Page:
Ranked-choice voting is the flavor of the day. And it will turn out to have a bitter taste.

Its advocates want to replace real democracy, in which a majority picks the winner, with something akin to a game show method of selection. The result could be more like “Family Feud” than a decision about one of the most important choices people can make.

The problem, its advocates say, is that our political system is based on a choice between two candidates, but we frequently have several more in the race.


There are three possible solutions. One is to let the candidate with the most votes, even if not a majority, be the winner. It is done that way in federal elections and the great majority of states.

Or you could hold a runoff election between the top two vote-getters in the initial election. That’s done in 11 states.


Then there’s ranked-choice voting, in which people rank their choices the first and only time they vote. If there is no majority winner, votes in lower tiers are redistributed until there is a winner.

Maine has used the first method effectively. There were at least three serious candidates in nine of the past 10 elections for governor. And nobody complained until Republican Paul LePage was elected twice without a majority. It’s easy to understand that ranked-choice voting advocates believe he would have lost under their system.

Lewiston has just used the runoff system in the election for mayor. In effect, the first race served as a primary for the second, and the turnout in each was about the same. Voters got the chance to consider the real alternatives each time with an indisputable majority decision at the end.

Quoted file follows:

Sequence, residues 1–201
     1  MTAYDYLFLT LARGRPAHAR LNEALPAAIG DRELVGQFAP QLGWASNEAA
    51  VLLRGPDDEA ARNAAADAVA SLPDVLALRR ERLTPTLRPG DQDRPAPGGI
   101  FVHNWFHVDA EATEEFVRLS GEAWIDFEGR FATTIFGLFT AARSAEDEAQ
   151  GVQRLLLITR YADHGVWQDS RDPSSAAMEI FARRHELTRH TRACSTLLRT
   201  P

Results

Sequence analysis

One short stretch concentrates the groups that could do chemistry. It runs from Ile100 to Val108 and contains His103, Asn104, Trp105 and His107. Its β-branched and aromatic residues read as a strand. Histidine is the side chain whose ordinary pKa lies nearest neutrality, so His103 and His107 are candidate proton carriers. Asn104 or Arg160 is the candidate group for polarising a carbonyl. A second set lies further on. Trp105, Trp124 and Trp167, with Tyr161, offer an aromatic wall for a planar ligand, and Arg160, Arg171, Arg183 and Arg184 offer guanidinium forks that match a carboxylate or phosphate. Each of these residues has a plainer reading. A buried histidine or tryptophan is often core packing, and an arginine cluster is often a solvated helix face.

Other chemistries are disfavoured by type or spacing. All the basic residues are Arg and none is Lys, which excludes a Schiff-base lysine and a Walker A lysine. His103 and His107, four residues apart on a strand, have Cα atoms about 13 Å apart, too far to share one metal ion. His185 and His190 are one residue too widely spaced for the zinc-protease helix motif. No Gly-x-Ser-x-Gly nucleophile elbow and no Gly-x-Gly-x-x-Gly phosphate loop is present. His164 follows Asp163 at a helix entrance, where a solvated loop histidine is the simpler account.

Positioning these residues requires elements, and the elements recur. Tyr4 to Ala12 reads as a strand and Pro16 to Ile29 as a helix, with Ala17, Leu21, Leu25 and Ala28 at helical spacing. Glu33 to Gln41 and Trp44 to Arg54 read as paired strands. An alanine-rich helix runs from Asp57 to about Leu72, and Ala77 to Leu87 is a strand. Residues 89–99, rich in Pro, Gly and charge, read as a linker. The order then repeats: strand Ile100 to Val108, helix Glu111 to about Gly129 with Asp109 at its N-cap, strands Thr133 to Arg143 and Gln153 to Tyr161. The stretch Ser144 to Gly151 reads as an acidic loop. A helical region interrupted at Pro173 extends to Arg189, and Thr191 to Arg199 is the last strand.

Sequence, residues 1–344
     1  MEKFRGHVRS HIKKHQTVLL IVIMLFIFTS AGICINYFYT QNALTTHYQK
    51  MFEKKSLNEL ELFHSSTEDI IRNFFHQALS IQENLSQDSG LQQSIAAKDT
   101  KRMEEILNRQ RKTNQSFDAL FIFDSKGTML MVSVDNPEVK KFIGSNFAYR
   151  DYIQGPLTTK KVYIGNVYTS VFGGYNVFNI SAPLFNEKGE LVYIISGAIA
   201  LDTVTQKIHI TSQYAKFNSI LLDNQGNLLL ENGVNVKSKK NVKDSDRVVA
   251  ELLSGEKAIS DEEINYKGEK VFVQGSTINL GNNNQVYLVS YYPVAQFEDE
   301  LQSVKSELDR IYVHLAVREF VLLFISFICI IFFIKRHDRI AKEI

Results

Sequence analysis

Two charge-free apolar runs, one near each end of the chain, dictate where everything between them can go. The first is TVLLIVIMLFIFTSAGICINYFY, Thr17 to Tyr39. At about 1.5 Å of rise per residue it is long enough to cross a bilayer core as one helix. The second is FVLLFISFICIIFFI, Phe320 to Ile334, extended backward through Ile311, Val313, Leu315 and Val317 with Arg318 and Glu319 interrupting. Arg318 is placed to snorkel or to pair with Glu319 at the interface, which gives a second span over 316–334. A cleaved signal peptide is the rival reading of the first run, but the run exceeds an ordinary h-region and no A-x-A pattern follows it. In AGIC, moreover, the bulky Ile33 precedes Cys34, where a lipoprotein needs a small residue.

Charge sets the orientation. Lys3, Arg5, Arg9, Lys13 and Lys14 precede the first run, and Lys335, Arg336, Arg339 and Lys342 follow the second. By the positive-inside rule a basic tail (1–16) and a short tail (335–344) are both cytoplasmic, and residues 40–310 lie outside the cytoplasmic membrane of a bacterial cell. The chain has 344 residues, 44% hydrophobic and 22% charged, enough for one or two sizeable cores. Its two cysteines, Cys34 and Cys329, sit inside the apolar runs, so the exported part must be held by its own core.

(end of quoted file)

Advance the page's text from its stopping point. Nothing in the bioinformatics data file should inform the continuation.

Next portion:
Ranked-choice voting is used only in a relative handful of municipalities. In Portland, in 2011, ballots were counted 15 times. In Minneapolis, the 2012 mayor’s race resulted in 33 recounts.

Perhaps the biggest problem was that the result was not transparent. Voters could not easily understand the process or know how votes were counted. In a traditional election, it’s easy to know who got the most votes.

And the ranked-choice voting system can lead to the election of a person who received fewer first-place votes than another candidate. That may not seem fair to many voters, creating just the kind of discontent our already stressed system doesn’t need.


The ranked voting system can be gamed, literally. Just don’t select anybody but your favorite candidate. That’s called “bullet voting,” and it could help a candidate who is the second choice of other voters.

None of this amounts to majority rule, despite its advocates’ claims. A majority, by its very definition, means more than half. Ranked-choice voting cannot ensure that.

Does it eliminate “spoilers”? A spoiler costs another candidate so many votes that he or she loses an election. But how do you know a spoiler before an election?

Does ranked-choice voting favor issues over candidates? There’s no indication that was true in Portland or Minneapolis.


Ranked-choice voting encourages “respectful campaigns,” according to its advocates. Promises, promises.


Ranked-choice proponents dislike primaries, because fringe candidates can win, producing an unhappy choice in the general election. That sounds like the position of philosopher-kings who really don’t trust democracy and certainly want to see the end of political parties.

If there’s something wrong with primaries, find a way to get more people to vote. But don’t manipulate their voting.

Perhaps better arguments would be that it is loss costly and easy. But why should real democracy be easy or cheap? It’s worth doing right.

Maine now uses a system that has produced acceptable results, both easily and cheaply.

If we want decisions guaranteed to be made by a majority, then a runoff is a better idea, because it allows voters to make a clear choice rather than the muddled, computer-run outcome of ranked-choice voting.

Gordon L. Weil of Harpswell is a former Maine state agency head and municipal selectman who also served on the staff of the U.S. Senate.

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